How does poetry work in the world? In individual lives and careers? In community celebrations and social occasions? In citizens' movements? In classrooms and student life? To ask these questions is to begin to explore how inspiration works and for what ends. Course goals include: working with community partners – kids in the Ann Arbor Schools on a poetry partnership and creating an exhibit and 'youth poetry night'; exploring how professional poets have used everyday speech and the everyday world; discovering how nonprofessional poets have composed poetry in diaries, letters, commonplace books, as well as for publication; investigating poetry as a form of public culture; doing original hands-on research. This project-based class is divided into four units. Each unit will introduce you to new material, new locations, new partners. Unit I: Case Study in Literary History – Poets Champion the "Real Language" of Work and Place. Unit II: Discovering the Michigan Archive-Researching the local poetry archive, making local cultural history accessible, reflecting on poetry and place. Unit III: Mitchell School Project – Working with a 4th grade class to combine the exploration of a local site with the creation and presentation of poetry and art. Unit IV: Public Eloquence-poetry as a "new public art." The class thus links historical and analytical readings with a community practicum. Requirements include attendance and participation, assigned readings, response papers, class presentations, creating a "poetry of everyday life" commonplace book, and a final project with an essay component.

Please note: Our community partnership with fourth graders thrives on the diverse talents of our class. Everyone in the class should be serious about poetry in some formperformance poetry, poetry writing, the literary history of poetry, the politics of poetry. In addition, this class is very welcoming to artists and designers, aspiring K-12 teachers, people with community service experience in schools, people with cars, people who are expert project managers, and people who are good with computers. We need you!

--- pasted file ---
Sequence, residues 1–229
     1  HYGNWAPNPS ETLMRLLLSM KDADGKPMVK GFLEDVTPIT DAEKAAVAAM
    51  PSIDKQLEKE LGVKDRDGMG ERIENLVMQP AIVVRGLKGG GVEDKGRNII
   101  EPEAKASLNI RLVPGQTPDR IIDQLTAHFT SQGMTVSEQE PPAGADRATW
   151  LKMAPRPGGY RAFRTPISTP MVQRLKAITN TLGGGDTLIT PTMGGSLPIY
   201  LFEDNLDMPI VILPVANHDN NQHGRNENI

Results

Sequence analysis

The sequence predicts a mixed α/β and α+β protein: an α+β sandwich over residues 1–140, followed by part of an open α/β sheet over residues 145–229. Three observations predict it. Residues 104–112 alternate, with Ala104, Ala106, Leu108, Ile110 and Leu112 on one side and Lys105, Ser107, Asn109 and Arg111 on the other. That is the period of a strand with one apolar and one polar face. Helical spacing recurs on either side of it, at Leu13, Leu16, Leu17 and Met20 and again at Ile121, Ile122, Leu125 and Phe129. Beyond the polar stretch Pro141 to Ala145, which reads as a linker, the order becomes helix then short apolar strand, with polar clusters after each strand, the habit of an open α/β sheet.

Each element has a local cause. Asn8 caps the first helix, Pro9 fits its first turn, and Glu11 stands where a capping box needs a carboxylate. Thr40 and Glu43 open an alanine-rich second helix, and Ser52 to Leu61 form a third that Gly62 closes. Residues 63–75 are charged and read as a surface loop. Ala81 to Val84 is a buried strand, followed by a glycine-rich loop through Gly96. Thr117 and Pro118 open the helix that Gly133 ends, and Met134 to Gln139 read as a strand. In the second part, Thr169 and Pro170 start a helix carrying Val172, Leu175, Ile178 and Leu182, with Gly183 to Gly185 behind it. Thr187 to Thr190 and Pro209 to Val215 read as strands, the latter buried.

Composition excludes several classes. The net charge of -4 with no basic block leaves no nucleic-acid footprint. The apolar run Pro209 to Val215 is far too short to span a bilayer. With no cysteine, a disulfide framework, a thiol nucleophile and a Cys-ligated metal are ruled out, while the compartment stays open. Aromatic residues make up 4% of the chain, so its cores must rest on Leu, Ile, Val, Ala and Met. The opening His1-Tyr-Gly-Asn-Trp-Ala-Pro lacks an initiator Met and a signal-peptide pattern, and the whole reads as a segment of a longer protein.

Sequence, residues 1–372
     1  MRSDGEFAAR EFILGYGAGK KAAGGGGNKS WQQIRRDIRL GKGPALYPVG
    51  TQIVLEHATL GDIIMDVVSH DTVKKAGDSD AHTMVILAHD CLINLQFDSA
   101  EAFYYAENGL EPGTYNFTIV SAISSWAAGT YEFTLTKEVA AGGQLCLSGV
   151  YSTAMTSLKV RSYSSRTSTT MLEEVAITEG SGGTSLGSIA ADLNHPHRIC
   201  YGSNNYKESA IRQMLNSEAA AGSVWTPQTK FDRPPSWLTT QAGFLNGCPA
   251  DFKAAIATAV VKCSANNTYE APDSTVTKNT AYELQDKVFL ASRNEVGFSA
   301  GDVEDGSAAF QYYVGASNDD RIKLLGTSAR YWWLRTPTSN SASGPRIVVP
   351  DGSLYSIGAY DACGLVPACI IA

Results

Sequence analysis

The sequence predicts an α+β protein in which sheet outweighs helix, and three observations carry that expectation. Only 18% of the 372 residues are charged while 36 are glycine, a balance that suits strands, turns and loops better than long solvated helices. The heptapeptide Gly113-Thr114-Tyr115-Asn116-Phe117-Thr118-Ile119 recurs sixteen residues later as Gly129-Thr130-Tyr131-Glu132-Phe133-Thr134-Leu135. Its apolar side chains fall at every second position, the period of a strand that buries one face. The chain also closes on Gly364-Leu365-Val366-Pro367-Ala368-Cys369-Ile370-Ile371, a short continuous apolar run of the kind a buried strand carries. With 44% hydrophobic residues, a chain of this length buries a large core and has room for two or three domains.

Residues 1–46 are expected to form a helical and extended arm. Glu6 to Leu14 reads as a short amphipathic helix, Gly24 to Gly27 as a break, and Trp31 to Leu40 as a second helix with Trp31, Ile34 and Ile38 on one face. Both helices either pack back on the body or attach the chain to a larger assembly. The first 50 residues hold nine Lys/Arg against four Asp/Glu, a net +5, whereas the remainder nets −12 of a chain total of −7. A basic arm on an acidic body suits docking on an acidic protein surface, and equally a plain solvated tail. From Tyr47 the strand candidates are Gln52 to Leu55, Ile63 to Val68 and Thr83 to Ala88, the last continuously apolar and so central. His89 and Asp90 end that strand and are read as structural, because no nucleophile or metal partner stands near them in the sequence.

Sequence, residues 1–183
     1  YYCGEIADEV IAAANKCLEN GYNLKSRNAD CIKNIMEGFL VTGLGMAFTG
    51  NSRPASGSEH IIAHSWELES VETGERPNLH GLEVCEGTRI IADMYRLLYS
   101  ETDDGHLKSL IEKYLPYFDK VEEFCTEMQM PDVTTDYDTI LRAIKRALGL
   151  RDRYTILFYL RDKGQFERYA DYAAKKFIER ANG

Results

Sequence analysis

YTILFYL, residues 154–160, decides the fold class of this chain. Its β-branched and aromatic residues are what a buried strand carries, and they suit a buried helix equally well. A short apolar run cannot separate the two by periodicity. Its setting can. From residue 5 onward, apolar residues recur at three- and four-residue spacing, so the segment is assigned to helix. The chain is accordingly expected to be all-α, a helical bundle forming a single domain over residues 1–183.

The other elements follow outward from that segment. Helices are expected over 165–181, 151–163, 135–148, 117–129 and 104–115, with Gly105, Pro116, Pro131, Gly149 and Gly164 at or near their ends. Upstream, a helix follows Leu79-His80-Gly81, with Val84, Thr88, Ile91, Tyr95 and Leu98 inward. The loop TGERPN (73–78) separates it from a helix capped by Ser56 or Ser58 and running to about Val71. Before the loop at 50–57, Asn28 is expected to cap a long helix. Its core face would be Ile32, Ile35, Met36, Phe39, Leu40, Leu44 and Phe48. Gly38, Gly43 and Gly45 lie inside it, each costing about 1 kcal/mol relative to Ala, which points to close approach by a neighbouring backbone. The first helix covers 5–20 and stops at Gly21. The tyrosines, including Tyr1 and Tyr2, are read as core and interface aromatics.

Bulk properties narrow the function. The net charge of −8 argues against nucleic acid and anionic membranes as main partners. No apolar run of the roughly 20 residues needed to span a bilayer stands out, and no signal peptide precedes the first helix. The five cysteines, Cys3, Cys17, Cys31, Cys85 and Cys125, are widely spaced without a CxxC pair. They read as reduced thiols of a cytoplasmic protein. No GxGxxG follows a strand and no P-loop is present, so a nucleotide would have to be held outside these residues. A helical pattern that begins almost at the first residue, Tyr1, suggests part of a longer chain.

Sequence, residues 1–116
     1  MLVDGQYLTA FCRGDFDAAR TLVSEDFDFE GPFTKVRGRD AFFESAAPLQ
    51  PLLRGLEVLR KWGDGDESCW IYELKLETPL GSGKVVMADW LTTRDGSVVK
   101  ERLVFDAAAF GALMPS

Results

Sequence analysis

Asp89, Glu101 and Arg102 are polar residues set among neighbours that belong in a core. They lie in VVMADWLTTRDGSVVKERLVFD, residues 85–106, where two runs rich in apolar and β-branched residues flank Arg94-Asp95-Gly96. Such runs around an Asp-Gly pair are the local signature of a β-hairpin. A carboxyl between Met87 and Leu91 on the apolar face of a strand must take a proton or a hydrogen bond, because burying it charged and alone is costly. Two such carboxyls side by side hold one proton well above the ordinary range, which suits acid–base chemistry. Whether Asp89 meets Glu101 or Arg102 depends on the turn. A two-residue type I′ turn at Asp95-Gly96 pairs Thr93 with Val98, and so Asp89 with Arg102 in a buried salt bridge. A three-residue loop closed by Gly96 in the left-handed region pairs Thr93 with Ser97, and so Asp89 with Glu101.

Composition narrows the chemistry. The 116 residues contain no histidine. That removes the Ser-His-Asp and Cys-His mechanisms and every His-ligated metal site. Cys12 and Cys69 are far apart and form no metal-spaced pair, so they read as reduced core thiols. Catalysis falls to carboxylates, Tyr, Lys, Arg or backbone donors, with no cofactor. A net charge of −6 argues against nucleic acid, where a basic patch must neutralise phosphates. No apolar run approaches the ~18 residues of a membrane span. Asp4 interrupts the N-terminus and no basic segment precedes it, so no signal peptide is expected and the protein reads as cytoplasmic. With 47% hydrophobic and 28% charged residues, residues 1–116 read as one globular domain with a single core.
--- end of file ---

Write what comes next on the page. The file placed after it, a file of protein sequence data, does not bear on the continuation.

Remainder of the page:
Check Times, Location, and Availability Cost: No Data Given. Waitlist Code: 1, 5: enrollment restriced to Senior English concentrators

ENGLISH 417. Senior Seminar.

Section 005 – Contemporary Native American Women Writers. Satisfies the New Traditions and American Literature requirements for English concentrators

Instructor(s): Betty L Bell (blbell@umich.edu)

Prerequisites & Distribution: Senior concentrator in English. May not be repeated for credit. (4). (Excl). May not be repeated for credit.

Upper-Level Writing

Credits: (4; 3 in the half-term).

Course Homepage: No homepage submitted.

In this course, we will read contemporary writings – novels and poetry – by Native American women. Our discussions will emphasize their influences and contributions to the politics of pan-tribal identity, culture, gender, and nation. The course is conceived as an upper-level introduction to the literature and its thematic emphases. Some of the authors we will read include Leslie Marmon Silko, Louise Erdrich, Joy Harjo, Janice Gould, Linda Hogan. There will be one research paper (15-18 pages) due at the end of the term.

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ENGLISH 417. Senior Seminar.

Section 008 – William Blake: Poet and Artist. Satisfies the Upper Level Writing Requirement for English concentrators

Instructor(s): Nancy S Reinhardt (nsreinha@umich.edu)

Prerequisites & Distribution: Senior concentrator in English. May not be repeated for credit. (4). (Excl). May not be repeated for credit.

Upper-Level Writing

Credits: (4; 3 in the half-term).

Course Homepage: No homepage submitted.

The poet William Blake was trained as an engraver and visual artist and wrote poetry from an early age. Many of his finest engravings illustrate works of other writers, but his most original achievement is the "illumination" of his own verse. Blake carefully designed and printed each sheet of his poetry from individual plates, surrounding his words, lines, and stanzas with patterns, figures, blazing colors, and full-page illustrations. The visual imagery interacts with the text, challenging the reader with multiple possibilities for interpretation. This course will question the limits of verbal/visual synthesis, the relation of Blake to his time, and his influence on modernist poets such as W.B. Yeats. Texts: Blake's Poetry and Designs, Norton Critical Edition; William Blake, The Complete Illuminated Books, ed. David Bindman. Writing Requirements: Three short papers on set topics (4-6 pages each); final seminar paper (10-12 pages).

Check Times, Location, and Availability Cost: 2 Waitlist Code: 1, 5: enrollment restriced to Senior English concentrators